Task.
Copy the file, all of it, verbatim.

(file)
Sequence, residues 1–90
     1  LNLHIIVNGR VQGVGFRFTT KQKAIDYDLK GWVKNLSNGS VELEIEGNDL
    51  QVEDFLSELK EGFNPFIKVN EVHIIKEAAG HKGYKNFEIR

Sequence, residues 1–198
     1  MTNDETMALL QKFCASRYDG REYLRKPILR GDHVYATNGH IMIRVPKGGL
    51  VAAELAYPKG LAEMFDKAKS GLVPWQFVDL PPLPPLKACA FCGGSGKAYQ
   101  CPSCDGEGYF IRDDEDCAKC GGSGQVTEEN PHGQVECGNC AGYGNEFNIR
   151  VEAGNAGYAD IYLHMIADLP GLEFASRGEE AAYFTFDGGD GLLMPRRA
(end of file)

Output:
Sequence, residues 1–90
     1  LNLHIIVNGR VQGVGFRFTT KQKAIDYDLK GWVKNLSNGS VELEIEGNDL
    51  QVEDFLSELK EGFNPFIKVN EVHIIKEAAG HKGYKNFEIR

Sequence, residues 1–198
     1  MTNDETMALL QKFCASRYDG REYLRKPILR GDHVYATNGH IMIRVPKGGL
    51  VAAELAYPKG LAEMFDKAKS GLVPWQFVDL PPLPPLKACA FCGGSGKAYQ
   101  CPSCDGEGYF IRDDEDCAKC GGSGQVTEEN PHGQVECGNC AGYGNEFNIR
   151  VEAGNAGYAD IYLHMIADLP GLEFASRGEE AAYFTFDGGD GLLMPRRA